To answer Tulsi's question about my Father being Amish, and to answer a few other questions I've received about "what is Amish" and "what do they believe", I've decided to post what I *do* know... I have never been Amish, so I don't profess to know all about it. But I used to question my cousin Cheryle a lot and her mom, Lorene when I'd go and visit on their Amish Farm. Also, I wrote a religious Thesis on the Amish when I was in college many moons ago. Today I'll share a little bit of their Religious Beliefs & Background, and next time I'll share more about their Cultural Beliefs and way of Living. The lines do blur a little, as I have mentioned the religion governs their way of life. But here goes... (and Dad, feel free to correct any mistakes).
Is Amish a religion, a culture, a race or ethnicity, or What?
Amish is a Religious Culture. Meaning, they use religious beliefs to govern their life... but more so than in the way that perhaps other religions do. Amish is an Anabaptist religion (Amish, Hutterites, Brethren, Mennonites, etc.)
Amish are of European decent, thus are Anglo/Anglo-saxon.
16th century Anabaptists rejected "modern" Christian practices such as wearing wedding rings, taking oaths, and participating in civil government. They lived a more literal interpretation of the Sermon on the Mount and Believer's baptism. However, all other major Christian denominations during that period saw baptism as necessary for salvation - including infants, and declared it wrong to delay baptism until the child had reached a certain age. Anabaptists believed that baptismal candidates need to make their own confessions of faith, and therefore refused infant baptism.
This is the main reason they were persecuted the 16th & 17th centuries by both Roman Catholics and Protestants. Many of these Anabaptists were persecuted and martyred for their beliefs. Those who survived attacks migrated to Southern Germany and parts of Switzerland. .
Menno Simons, a Catholic priest from Holland, joined the Anabaptists. From his teachings, he created a loyal flock of followers who were named Mennonites.
Jacob Amman, a Swiss bishop, broke away from the Mennonites and his followers were known as Amish. Ammann had views such as the wearing of the untrimmed beard, uniformity in dress, foot washing and prohibition of attendance at services of the state church.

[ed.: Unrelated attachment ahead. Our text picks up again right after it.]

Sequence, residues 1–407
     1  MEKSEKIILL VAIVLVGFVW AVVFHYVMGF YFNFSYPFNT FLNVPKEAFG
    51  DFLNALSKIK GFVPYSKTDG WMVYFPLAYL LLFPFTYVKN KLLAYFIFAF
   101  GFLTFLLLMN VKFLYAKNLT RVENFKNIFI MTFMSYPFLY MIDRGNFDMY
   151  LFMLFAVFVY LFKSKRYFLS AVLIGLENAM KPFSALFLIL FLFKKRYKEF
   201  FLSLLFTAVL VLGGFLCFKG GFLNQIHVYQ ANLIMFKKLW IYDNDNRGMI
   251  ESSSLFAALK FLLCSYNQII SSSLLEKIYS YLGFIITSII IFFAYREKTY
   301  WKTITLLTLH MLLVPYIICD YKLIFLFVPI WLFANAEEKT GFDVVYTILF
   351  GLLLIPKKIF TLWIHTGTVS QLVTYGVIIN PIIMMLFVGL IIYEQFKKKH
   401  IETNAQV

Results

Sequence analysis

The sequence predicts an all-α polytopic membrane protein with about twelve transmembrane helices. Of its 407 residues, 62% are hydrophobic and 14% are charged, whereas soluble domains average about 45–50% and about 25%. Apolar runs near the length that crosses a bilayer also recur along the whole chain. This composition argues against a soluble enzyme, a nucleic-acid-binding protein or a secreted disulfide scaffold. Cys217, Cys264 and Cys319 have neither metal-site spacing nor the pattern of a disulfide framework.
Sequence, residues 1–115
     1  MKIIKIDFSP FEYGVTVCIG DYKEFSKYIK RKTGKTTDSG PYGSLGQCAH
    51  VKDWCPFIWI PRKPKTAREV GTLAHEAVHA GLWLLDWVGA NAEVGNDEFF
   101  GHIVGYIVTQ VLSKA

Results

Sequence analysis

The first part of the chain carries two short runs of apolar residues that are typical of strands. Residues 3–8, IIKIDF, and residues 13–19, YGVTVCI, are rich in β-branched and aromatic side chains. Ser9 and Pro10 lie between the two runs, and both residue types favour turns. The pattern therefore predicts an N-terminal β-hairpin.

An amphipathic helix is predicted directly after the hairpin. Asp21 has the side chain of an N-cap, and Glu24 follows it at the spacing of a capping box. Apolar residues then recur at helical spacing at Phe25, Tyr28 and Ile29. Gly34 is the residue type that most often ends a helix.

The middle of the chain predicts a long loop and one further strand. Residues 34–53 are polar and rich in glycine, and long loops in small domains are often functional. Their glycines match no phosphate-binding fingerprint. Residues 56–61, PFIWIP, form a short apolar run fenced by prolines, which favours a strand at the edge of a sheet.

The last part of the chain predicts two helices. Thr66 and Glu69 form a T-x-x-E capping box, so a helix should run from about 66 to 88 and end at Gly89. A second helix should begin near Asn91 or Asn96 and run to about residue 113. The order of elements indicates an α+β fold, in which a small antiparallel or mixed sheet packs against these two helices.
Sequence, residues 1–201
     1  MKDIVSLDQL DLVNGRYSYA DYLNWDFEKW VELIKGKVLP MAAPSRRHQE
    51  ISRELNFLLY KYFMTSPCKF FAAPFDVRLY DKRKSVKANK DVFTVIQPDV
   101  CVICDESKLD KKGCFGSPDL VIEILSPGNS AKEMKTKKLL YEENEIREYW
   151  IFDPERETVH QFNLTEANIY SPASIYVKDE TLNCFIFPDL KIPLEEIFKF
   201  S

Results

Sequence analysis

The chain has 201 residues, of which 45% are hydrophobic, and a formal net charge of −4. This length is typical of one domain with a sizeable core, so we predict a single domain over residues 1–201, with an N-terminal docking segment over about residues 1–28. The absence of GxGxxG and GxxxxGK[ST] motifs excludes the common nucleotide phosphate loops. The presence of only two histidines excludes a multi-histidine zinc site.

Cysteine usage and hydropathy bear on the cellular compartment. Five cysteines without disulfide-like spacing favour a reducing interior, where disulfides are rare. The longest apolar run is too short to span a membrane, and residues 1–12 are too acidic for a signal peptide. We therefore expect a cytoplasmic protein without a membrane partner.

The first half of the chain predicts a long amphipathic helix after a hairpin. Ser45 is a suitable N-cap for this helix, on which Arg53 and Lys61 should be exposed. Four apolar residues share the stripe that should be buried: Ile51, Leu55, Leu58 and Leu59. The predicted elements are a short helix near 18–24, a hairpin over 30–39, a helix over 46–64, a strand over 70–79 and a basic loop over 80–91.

Persecutions did not cease and many Anabaptists fled to Russia while others continued to Southern Germany. From Russia some went back to Germany and then the United States while others went from Russia to places like Paraguay.
Amish are NOT Quakers. Many people confuse the Amish or Mennonites with the Quakers. They are not Quakers, but I can see why they might be confused. Groups of Amish and Mennonites settled in Pennsylvania during the 1720's.. Obviously their European exodus was in search of Religious Freedom, as in most religious movements from Europe to the United States at that time. But why Pennsylvania? Well, the majority of the population of Pennsylvania at that time were of the Religious Society of Friends (Quakers). The Quakers were tolerant of other religious beliefs and would not persecute them. Similarly, the Friends, also opposed to violence and killing, were killed and persecuted by the Puritan settlers. (The Quakers settled in the Pennsylvania area in the mid 1600's to maintain a holy experiment in living in peace centered in the city of Philadelphia (city of peace).) The Amish knew this and decided to settle nearby in Lancaster County, PA.
In accordance with the teachings of Jacob Amman, old-order (traditional) Amish still abide by this simple-living, non-modern way of life.